Back to that Submarine Institute of Australia event we mentioned earlier:
Addressing the same conference, the defence minister, Linda Reynolds, said the government was investing in Australia’s submarine capability – and its ability to attack other submarines – “because we must, for our nation’s security, and also for our sovereign interests”.
Reynolds said Australia’s location at the junction of the Indian and the Pacific oceans had been a strategic blessing for decades, “but we now face the most consequential strategic realignment since the end of world war two”.
She characterised the Indo-Pacific region as being the epicentre of this change. She said major powers had become more assertive. Strategic competition between the US and China was “driving dynamics in our region”, with nations across the region “modernising their militaries and also accelerating their preparedness for conflict”.
Without naming any particular country, she said regional military forces were “developing and adopting disruptive technologies at a faster pace than ever before”.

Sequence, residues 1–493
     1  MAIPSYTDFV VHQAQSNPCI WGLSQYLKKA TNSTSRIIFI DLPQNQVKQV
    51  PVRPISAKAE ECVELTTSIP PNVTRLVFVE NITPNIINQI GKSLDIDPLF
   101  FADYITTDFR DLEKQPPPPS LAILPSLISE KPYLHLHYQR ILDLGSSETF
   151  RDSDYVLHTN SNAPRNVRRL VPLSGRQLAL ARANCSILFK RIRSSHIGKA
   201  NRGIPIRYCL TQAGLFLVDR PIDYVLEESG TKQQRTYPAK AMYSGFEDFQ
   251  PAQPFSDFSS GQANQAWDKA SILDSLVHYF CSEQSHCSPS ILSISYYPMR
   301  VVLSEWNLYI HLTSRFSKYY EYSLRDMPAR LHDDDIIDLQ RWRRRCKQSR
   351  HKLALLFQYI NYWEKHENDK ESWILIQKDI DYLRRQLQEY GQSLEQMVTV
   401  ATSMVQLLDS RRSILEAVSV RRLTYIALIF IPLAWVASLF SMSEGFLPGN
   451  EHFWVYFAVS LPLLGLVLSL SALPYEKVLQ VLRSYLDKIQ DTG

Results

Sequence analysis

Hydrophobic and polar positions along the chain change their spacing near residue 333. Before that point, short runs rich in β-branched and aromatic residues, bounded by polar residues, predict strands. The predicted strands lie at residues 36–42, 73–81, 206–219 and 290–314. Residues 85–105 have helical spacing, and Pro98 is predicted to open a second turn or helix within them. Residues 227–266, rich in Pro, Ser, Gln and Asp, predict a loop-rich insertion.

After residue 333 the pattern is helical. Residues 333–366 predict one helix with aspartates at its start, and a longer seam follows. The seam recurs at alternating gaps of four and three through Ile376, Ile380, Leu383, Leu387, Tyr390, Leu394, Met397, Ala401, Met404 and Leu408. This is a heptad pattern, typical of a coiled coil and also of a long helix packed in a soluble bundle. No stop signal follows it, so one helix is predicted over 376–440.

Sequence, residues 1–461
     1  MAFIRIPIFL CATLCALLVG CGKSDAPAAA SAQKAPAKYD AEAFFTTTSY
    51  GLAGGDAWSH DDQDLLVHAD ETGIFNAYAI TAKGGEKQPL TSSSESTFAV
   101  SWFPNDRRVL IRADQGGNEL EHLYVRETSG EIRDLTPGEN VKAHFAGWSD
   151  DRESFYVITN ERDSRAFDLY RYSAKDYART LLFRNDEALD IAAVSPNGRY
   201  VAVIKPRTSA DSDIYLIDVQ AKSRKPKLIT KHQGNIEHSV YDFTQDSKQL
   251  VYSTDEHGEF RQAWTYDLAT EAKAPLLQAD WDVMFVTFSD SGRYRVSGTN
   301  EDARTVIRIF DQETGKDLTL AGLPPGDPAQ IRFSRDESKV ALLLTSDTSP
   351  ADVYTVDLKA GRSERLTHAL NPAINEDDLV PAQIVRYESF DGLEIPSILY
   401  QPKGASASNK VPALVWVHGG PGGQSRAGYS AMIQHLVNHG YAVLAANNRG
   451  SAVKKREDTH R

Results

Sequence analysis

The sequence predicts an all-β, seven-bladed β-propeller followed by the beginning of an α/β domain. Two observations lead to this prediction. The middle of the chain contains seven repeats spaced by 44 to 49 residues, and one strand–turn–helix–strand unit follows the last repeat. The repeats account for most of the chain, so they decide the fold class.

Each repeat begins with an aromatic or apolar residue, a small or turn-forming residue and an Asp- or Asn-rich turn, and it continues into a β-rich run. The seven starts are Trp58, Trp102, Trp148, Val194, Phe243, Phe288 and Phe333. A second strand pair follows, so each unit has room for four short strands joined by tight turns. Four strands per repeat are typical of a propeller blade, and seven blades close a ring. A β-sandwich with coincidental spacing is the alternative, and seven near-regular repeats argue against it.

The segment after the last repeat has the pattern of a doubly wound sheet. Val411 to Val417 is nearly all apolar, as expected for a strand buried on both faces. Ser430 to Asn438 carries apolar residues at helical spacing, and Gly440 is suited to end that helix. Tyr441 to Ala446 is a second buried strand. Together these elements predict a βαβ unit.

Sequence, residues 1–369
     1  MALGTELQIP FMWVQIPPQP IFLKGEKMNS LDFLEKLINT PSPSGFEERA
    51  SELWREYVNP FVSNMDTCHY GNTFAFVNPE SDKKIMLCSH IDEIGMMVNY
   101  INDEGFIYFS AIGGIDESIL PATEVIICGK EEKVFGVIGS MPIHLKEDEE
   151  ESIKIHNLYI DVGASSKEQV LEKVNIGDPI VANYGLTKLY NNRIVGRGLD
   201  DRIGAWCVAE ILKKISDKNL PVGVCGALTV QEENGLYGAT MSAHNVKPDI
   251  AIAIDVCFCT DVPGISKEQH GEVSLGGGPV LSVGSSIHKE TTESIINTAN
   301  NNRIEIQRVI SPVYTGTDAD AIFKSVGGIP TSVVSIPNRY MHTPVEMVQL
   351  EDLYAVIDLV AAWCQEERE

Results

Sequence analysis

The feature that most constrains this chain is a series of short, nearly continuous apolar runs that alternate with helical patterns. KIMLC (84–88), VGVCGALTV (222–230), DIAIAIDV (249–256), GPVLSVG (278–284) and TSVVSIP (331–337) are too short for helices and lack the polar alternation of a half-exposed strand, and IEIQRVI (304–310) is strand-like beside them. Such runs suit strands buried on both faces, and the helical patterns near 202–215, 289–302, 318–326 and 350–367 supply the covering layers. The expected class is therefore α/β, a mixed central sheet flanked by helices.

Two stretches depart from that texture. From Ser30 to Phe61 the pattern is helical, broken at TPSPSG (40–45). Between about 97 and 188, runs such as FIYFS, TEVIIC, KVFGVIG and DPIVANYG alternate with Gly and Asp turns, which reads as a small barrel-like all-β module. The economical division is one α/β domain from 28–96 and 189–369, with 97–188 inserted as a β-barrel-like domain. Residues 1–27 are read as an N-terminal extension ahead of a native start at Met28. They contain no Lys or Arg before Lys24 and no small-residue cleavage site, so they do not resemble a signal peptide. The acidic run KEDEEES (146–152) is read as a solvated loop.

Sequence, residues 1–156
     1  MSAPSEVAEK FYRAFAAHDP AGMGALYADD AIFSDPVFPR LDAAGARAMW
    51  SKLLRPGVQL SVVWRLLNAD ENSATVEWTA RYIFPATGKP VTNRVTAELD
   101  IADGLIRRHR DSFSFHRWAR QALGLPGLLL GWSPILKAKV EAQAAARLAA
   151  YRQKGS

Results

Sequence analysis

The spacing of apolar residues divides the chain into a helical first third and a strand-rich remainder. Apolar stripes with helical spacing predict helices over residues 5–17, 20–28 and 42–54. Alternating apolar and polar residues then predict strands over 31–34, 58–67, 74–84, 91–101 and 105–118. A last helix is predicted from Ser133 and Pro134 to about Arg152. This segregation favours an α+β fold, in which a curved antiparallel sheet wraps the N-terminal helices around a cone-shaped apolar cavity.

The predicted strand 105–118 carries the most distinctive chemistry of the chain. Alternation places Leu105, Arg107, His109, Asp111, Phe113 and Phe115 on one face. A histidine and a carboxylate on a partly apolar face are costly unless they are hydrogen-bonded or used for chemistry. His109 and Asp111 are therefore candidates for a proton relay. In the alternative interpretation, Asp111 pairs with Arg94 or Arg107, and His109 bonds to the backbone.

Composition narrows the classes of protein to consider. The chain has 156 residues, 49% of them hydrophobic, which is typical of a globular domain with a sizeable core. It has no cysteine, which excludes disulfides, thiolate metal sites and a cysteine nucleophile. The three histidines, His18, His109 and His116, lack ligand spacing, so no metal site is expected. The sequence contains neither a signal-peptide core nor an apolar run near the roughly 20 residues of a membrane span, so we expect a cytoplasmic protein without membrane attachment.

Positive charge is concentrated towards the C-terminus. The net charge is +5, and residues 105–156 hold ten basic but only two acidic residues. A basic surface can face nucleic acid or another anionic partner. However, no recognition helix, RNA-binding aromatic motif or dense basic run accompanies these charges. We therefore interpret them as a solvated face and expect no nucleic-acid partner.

Reynolds said “some nations” were “increasingly employing coercive tactics that seek to compromise sovereignty” including cyber attacks, foreign interference, supply chain disruption and economic pressure.
Against that backdrop, Reynolds said submarines were “an indispensable asset to our nation’s defence”.
She denied submarines would become obsolete, saying while some technological developments may make submarines easier to detect, the government was focused on “a long-term strategy to evolve and adapt to changing technological developments”.
Reynolds said the ongoing importance of submarines was “the view of every significant power in our region: India, China, Russia, South Korea, North Korea, Japan, and, of course, the United States”. Pushing back at the Labor defence spokesman Richard Marles’ line of argument, Reynolds denied there had been any cost blowout in the future submarine program.